Since 1975 all children with disabilities specifically delineated by law have had available to them "a free, appropriate public education that includes special education and related services to meet their unique needs." This access has been made possible by the passage of Public Law 94-142,1 The Education for All Handicapped Children Act of 1975. This law was amended in October 1990 with passage of Public Law 101-476, The Individuals With Disabilities Education Act (IDEA). Part B of Public Law 101-476 primarily details the identification and provision of services for children with disabilities. Unfortunately, the implementation of Part B of this law has been limited for many children by a number of significant and complex issues.
The term "related services" as currently defined in Part B of the IDEA includes the following:
... transportation and such developmental, corrective, and other supportive services (including speech pathology and audiology, psychological services, physical and occupational therapy, recreation and social work services, and medical and counseling services, including rehabilitation counseling, except that such medical services shall be for diagnostic and evaluation purposes only) as may be required to assist a child with a disability to benefit from special education.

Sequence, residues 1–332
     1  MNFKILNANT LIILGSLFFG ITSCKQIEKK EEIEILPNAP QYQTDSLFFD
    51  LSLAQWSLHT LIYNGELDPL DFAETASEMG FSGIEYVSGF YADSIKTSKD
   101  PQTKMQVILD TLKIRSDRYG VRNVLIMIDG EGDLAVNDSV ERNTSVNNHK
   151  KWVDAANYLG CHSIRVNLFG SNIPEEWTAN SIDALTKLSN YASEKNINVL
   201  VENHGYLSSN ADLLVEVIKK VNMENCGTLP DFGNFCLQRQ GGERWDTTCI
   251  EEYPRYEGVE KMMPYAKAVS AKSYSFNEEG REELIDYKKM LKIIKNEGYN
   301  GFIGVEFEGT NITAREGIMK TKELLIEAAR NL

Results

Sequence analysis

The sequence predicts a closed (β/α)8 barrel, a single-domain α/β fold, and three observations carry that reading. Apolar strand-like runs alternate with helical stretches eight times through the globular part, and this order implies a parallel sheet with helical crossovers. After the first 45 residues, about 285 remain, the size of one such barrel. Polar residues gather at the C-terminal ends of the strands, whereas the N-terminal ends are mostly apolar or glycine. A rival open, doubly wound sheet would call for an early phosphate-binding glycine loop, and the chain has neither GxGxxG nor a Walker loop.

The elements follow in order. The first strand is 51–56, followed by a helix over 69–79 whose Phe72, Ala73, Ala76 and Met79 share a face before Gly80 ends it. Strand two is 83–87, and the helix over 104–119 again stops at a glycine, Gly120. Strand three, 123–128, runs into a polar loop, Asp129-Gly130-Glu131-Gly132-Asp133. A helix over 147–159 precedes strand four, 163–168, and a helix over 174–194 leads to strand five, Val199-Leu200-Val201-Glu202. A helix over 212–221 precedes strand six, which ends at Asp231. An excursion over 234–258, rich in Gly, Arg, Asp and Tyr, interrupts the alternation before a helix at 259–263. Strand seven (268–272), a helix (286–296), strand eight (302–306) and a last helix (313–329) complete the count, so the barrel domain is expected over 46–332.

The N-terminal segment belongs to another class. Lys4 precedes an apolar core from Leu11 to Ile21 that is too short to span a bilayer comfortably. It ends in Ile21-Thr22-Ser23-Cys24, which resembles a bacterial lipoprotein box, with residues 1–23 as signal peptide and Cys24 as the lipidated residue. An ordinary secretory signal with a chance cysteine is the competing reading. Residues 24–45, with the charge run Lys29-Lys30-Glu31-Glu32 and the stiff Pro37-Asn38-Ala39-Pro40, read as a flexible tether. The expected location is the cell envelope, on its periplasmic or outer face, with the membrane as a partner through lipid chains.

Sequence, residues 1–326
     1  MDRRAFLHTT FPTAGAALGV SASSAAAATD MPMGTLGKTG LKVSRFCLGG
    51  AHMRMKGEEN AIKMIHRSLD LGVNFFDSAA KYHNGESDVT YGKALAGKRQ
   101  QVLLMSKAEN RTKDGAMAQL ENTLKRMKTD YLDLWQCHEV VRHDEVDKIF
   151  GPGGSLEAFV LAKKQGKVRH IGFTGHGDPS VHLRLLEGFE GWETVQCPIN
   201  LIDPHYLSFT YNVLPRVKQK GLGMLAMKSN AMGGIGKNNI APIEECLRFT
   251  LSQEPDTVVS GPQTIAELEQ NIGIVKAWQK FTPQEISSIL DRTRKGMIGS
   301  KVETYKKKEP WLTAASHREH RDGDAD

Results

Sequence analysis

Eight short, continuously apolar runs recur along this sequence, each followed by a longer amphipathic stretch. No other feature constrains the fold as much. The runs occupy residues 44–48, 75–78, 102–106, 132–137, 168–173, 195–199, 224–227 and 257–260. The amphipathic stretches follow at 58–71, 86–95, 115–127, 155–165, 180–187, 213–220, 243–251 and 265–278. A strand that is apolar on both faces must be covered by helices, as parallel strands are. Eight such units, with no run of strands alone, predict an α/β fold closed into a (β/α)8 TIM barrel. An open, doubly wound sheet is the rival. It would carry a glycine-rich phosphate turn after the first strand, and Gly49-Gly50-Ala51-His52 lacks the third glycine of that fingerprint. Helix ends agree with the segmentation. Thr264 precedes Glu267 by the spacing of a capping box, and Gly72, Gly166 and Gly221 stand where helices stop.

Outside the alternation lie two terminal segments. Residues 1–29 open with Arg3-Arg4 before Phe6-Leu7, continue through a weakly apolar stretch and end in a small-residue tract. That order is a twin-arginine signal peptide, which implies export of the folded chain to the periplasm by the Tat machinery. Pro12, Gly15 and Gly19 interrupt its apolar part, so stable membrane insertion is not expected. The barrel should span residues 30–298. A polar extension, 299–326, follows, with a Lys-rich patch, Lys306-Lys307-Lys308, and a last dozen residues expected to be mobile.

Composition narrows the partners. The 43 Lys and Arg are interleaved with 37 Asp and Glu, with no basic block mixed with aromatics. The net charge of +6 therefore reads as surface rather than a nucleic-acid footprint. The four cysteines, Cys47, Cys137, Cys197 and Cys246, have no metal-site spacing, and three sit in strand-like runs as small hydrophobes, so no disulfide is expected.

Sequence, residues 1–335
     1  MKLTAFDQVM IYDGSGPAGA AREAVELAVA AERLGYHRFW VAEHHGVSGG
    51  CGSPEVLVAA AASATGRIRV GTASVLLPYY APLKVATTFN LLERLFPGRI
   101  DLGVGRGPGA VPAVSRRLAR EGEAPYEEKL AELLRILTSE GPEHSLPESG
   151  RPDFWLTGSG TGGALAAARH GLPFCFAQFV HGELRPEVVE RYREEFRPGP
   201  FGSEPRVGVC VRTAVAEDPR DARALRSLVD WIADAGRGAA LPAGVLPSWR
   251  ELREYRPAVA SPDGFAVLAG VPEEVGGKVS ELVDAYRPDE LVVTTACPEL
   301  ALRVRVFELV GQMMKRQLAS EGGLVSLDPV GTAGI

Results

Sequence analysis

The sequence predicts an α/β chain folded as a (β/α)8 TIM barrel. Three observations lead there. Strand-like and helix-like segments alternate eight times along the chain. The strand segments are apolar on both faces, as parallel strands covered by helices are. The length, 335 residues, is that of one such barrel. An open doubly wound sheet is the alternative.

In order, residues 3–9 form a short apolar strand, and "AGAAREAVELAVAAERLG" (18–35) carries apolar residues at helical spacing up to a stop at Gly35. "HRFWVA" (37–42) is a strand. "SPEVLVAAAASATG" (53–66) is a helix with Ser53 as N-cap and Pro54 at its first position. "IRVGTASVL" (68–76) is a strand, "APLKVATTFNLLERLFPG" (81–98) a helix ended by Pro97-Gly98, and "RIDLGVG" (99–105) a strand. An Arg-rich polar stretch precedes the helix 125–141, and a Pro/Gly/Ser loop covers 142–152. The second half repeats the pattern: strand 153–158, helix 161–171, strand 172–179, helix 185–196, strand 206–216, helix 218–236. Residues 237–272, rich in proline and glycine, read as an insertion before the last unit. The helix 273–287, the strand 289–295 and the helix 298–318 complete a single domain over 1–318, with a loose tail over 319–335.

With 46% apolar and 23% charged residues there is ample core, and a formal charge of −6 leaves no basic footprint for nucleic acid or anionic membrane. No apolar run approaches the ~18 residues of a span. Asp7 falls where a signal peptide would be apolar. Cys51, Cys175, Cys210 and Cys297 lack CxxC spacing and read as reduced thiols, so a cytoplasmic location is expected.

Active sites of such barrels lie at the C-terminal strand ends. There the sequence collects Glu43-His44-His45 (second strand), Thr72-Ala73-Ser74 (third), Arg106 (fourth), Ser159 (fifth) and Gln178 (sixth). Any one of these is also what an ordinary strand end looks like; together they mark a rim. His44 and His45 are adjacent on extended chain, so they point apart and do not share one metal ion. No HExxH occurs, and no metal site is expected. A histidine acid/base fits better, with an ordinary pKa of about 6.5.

Health care providers frequently view the related services listed above as medically necessary and/or helpful for children with disabilities without the proviso that these services must be necessary for special education. This difference in perspective and interpretation by pediatricians and parents often leads to misunderstandings, frustrations, conflicts, and problems in the development and implementation of related services within school programs for children with disabilities.
- Copyright © 1993 by the American Academy of Pediatrics